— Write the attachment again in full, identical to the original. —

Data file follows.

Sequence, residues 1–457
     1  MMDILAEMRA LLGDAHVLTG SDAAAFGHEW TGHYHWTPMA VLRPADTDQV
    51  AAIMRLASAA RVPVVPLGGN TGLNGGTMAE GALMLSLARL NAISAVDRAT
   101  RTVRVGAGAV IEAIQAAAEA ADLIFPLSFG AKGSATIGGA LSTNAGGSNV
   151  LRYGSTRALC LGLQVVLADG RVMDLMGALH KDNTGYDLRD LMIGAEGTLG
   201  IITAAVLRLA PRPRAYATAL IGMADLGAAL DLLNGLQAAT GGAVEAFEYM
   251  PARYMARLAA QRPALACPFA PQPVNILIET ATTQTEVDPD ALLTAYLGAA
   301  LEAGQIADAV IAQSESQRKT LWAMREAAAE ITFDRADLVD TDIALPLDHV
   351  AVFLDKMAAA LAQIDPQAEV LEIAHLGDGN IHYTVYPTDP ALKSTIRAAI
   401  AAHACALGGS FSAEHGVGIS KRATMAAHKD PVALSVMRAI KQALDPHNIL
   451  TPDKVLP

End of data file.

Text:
Sequence, residues 1–457
     1  MMDILAEMRA LLGDAHVLTG SDAAAFGHEW TGHYHWTPMA VLRPADTDQV
    51  AAIMRLASAA RVPVVPLGGN TGLNGGTMAE GALMLSLARL NAISAVDRAT
   101  RTVRVGAGAV IEAIQAAAEA ADLIFPLSFG AKGSATIGGA LSTNAGGSNV
   151  LRYGSTRALC LGLQVVLADG RVMDLMGALH KDNTGYDLRD LMIGAEGTLG
   201  IITAAVLRLA PRPRAYATAL IGMADLGAAL DLLNGLQAAT GGAVEAFEYM
   251  PARYMARLAA QRPALACPFA PQPVNILIET ATTQTEVDPD ALLTAYLGAA
   301  LEAGQIADAV IAQSESQRKT LWAMREAAAE ITFDRADLVD TDIALPLDHV
   351  AVFLDKMAAA LAQIDPQAEV LEIAHLGDGN IHYTVYPTDP ALKSTIRAAI
   401  AAHACALGGS FSAEHGVGIS KRATMAAHKD PVALSVMRAI KQALDPHNIL
   451  TPDKVLP